Choruses in the Movies: Part Two

Wondering what to put in your Netflix queue? These must-see choral films explore the power of singing in unlikely circumstances and places.

You can probably rattle off the titles of quite a few movies in which the central metaphor is music. Think Mr. Holland's Opus, Brassed Off, Drumline, and Music of the Heart. But if you narrow the scope to flicks about choral singers and choral singing—not so many. The ones we do have, though, have some important things to say about the chorus as a community. Show one of the following for your next choir party!

The Choir As Civilizer

The French film Les Choristes (The Chorus) is set in a school for troubled boys. The new teacher's first task is to bandage the head of the maintenance man, on whom the boys have played a cruel prank. The quarrelsome, thieving, noisy boys are barely held in check by the martinet of a headmaster and his policy of "action-reaction."

Mathieu, the gently humorous new teacher, is a choral director and composer. He holds voice tryouts and teaches the boys to sing parts, stand correctly, breathe, and follow his direction. If it were made in Hollywood, this story would end with happy boys, singing their hearts out, but Les Choristes has one of those slightly sad French endings.

Supposedly based on a true story, Les Choristes made quite a splash when it came out in 2004, garnering two Academy Award nominations. The main theme is a familiar one: sensitive teacher as deliverer. But there's a larger message that singers will understand about the power of music to bring order and civility—and joy—to life.

There are a number of short samples from the film on YouTube with lovely performances by the chorus. For the CD soundtrack from the movie, go to

Humming in the Face of Death

Okay, this is not one of those feel-good films, but there is an amazing back-story here that you may want to learn more about.

Paradise Road (1997) is a harrowing account of an actual women's prison camp on Sumatra during World War II. Glenn Close plays an Englishwoman, graduate of the Royal College of Music. Choral singing becomes the focus of this tense film only after we see how the women were captured when the Japanese sink their ship.

Close's character scribbles on scraps of paper, from memory, orchestral music she has studied, and the prisoners form a wordless vocal ensemble, humming and scatting through Dvorak and Brahms. This chorus is not warm and wonderful, but an act of defiance, and eventually the prisoners are so ill and malnourished they cannot even hum. No one is singing by the end, which brings their release only when Japan surrenders.

Now the back story: some of the members of the vocal orchestra from the Sumatra camp survived, as did about half of the choral compositions. One of the survivors, Antoinette Colign Mayer, escaped with a hand-copied manuscript, but after many years, the highly-treasured artifact was beginning to deteriorate.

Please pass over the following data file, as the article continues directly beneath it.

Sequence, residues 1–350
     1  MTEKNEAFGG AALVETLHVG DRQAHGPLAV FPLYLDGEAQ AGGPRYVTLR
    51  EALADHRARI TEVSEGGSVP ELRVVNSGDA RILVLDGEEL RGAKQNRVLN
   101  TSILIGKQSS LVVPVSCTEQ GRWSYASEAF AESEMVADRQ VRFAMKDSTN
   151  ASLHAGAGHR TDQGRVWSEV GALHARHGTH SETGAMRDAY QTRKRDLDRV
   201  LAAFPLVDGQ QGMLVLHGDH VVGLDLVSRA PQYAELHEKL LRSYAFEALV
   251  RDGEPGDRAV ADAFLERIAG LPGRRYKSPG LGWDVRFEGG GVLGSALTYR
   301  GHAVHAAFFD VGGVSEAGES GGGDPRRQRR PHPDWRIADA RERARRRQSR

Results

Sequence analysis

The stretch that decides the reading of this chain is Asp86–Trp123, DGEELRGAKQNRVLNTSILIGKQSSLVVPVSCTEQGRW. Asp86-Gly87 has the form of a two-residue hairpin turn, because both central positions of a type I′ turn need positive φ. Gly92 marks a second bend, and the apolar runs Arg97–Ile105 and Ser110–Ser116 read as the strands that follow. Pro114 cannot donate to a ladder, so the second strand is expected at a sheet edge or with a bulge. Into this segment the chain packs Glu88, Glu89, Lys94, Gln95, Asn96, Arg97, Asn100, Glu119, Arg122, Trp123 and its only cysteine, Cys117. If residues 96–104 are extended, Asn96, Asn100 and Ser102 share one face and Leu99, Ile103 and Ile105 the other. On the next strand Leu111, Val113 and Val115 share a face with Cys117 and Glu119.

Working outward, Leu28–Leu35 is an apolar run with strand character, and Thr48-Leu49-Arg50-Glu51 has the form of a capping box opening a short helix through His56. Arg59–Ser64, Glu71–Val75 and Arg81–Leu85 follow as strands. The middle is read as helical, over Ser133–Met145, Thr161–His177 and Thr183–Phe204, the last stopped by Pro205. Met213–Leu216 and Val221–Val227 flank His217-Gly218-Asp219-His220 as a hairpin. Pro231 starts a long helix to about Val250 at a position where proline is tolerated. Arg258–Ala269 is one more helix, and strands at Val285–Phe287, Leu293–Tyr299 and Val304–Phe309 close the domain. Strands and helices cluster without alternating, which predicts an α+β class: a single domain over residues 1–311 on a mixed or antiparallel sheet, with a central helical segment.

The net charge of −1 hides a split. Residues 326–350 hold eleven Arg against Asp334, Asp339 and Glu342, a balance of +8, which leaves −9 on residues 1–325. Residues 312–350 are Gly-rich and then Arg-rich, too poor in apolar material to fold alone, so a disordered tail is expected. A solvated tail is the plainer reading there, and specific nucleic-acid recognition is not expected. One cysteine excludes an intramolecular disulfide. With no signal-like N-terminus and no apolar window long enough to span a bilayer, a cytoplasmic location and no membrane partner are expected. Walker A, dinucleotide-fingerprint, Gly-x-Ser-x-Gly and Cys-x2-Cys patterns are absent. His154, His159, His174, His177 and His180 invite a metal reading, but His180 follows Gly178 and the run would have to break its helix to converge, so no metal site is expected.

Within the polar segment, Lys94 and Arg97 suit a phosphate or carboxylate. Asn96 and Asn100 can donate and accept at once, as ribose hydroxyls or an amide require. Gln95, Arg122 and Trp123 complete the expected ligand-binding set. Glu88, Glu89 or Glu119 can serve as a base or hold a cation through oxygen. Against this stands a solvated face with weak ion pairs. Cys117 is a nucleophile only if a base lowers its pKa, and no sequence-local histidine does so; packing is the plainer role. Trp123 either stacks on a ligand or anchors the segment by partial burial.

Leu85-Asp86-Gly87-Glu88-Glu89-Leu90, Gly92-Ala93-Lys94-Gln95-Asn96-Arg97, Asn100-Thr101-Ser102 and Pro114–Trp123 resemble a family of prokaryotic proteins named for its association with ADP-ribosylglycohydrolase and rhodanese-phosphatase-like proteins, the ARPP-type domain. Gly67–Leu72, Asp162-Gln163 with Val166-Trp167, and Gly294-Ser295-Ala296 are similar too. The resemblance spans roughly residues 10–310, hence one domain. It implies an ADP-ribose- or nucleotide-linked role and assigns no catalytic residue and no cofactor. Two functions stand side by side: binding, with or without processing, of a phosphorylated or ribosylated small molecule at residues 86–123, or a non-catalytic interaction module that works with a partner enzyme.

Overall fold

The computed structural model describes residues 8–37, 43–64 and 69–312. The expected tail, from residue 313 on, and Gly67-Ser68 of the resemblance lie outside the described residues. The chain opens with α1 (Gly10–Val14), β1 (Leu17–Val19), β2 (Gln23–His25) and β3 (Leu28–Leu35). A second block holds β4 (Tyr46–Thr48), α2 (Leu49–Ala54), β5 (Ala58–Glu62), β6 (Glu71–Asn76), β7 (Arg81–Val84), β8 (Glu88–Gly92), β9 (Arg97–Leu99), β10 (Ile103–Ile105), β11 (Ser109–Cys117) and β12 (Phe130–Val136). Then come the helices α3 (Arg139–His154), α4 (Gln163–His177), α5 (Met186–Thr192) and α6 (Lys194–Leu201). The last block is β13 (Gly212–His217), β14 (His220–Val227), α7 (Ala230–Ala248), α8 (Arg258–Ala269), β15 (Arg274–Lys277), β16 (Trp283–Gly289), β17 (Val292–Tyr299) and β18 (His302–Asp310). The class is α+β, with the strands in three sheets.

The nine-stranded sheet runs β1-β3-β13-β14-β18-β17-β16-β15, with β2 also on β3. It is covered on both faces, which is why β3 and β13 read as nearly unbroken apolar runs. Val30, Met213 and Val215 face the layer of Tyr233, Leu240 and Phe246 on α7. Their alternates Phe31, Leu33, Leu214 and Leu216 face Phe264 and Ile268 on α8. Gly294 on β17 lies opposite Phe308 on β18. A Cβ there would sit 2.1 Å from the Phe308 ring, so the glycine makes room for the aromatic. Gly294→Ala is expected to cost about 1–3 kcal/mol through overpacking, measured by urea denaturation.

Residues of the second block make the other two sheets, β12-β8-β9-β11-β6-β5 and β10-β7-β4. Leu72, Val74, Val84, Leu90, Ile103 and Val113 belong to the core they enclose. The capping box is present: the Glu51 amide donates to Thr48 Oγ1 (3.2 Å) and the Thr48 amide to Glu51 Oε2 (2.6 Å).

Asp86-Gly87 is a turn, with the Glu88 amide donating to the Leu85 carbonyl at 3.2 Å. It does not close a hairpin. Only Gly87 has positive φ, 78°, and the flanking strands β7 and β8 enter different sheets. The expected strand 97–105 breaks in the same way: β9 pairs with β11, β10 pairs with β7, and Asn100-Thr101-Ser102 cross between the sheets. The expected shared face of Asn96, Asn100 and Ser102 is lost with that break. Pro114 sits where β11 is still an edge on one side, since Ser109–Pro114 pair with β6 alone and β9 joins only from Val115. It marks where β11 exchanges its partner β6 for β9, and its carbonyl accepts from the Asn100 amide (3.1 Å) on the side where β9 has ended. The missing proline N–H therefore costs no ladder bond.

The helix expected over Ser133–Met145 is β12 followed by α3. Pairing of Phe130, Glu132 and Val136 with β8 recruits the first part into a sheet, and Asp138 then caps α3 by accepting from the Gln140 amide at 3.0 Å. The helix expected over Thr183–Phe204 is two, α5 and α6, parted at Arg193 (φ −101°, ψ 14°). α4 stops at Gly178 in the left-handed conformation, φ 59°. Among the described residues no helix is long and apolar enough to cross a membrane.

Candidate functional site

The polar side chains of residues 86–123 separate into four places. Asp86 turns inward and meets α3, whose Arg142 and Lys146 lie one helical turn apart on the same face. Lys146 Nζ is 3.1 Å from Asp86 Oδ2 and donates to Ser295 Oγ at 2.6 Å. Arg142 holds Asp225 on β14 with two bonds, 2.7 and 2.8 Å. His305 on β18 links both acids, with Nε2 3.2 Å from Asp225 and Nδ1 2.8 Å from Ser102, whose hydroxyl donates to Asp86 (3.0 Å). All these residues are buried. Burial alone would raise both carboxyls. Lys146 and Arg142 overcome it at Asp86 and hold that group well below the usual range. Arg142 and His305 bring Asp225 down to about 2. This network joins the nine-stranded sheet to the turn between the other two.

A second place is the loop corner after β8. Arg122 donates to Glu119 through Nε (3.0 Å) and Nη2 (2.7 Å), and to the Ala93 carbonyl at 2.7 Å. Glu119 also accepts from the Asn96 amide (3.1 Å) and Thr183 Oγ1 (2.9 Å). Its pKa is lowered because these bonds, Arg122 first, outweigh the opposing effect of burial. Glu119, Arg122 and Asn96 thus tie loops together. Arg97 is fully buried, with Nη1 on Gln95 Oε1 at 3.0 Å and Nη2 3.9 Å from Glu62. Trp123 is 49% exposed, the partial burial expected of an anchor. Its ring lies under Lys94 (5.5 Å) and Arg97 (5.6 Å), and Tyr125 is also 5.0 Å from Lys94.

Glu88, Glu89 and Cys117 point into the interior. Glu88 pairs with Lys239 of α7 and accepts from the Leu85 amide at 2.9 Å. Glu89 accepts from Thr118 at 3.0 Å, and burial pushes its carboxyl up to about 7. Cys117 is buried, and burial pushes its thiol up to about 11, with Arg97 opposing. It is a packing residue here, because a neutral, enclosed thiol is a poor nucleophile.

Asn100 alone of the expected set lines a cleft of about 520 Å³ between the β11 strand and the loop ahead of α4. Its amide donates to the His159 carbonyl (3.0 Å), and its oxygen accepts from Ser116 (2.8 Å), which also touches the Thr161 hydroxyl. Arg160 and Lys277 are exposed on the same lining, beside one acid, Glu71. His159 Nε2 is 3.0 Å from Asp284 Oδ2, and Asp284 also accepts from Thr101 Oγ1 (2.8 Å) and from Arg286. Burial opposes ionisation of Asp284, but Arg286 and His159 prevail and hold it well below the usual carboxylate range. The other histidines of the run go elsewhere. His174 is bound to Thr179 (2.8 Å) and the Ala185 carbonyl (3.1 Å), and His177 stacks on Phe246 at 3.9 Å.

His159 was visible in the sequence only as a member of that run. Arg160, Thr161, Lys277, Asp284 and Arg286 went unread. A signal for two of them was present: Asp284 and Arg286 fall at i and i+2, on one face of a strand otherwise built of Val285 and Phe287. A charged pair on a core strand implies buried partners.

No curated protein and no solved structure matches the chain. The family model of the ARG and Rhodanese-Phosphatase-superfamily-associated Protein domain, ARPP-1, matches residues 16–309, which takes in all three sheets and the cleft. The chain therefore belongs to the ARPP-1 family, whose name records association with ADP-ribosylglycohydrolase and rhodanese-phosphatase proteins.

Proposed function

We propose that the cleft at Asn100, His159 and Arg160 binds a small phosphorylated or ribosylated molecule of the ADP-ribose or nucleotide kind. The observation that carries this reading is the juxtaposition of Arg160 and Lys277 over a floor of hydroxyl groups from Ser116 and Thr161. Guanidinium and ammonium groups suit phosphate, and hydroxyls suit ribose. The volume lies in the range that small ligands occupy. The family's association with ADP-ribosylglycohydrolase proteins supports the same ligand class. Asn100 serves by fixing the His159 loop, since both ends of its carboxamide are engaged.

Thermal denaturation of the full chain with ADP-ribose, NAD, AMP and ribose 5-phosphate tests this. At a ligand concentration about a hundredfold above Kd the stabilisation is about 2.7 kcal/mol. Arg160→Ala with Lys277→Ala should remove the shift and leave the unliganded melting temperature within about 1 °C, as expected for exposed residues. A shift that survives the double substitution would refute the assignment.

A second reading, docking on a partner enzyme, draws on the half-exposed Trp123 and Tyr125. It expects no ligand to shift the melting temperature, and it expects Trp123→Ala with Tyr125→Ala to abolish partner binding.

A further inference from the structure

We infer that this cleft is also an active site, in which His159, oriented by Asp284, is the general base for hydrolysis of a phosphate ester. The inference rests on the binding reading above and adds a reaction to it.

Mayer and her sister Helen Colign, who had also survived the Sumatra camp, arranged for the donation of the manuscript to the Music Library of Stanford University. The Library, wanting to add a recorded version of the music to its archives, asked the Peninsula Women's Chorus in Palo Alto, California, directed at the time by Patricia Hennings, to perform selections from the manuscript.

The Chorus gave the first performance of the "vocal orchestra" in 1982, and a year later organized a reunion concert to which they invited all surviving members of the original prison camp chorus from their homes in England, Australia, Indonesia, and The Netherlands. The reunion spurred the making of a documentary, Song of Survival, which highlights rare archival footage, interviews with the survivors, and the performances from the reunion concert.

The soundtrack for the film, Paradise Road: Song of Survival, features the Malle Babbe Women's Chorus, a very fine 50-member female choir of Haarlem in The Netherlands. Some of the vocal orchestral arrangements also are featured on the Peninsula Women's Chorus 1999 recording, Songs of the Spirit.

A Choir to Keep You Warm

The Norwegian film, Cool and Crazy (2001) is supposed to be a genuine documentary about the men's chorus in the Arctic fishing village of Berlevag, Norway. The 30 singers are fishermen and North Sea oil workers—the youngest member in his 30s, the oldest over 90, and nearly all of them smoke.

This is a documentary, so of course there is no tight narrative and no single protagonist; instead the singers speak directly to the camera as they reflect on a wasted youth, take a bath, sit down to dinner, work in the little cafe that the chorus runs, or have yet another smoke. Few of the men are married, and most of the others say they wish they had real relationships with women. Yet, when the chorus takes a trip over the border to sing in Russia, and they have a moment of stardom, they behave like schoolboys.

But you really like this taciturn bunch. They are very honest and open with each other, and seem to understand the harsh, treeless landscape and the freezing-cold sea that roars at the very edge of the village. They take clumsy, but touching care of each other, and especially of the oldest members and the director, whom they lift into the bus and up stairs in his wheelchair.

The performances on the soundtrack are heartfelt, but middling quality, and some individual voices may not be ensemble-material. In a sense, the men's group activity could just as well be bowling; for them, the chorus creates community, not high art. Singing hasn't helped them find girlfriends, but perhaps it keeps them alive and warm at the top of the world.